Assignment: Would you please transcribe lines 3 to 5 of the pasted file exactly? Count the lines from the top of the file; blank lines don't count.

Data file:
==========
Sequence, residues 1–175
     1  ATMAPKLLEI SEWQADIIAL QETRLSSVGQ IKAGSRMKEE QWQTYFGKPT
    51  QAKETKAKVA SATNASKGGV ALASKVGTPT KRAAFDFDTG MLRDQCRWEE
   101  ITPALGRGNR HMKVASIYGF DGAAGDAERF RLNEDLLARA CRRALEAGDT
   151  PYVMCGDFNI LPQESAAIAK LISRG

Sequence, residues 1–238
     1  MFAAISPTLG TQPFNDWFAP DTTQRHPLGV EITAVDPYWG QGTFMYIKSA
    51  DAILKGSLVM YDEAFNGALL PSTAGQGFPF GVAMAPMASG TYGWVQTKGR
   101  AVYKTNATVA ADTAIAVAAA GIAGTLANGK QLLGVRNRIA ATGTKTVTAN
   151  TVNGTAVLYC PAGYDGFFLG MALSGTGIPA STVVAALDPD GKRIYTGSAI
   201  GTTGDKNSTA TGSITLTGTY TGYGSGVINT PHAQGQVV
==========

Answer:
    51  QAKETKAKVA SATNASKGGV ALASKVGTPT KRAAFDFDTG MLRDQCRWEE
   101  ITPALGRGNR HMKVASIYGF DGAAGDAERF RLNEDLLARA CRRALEAGDT
   151  PYVMCGDFNI LPQESAAIAK LISRG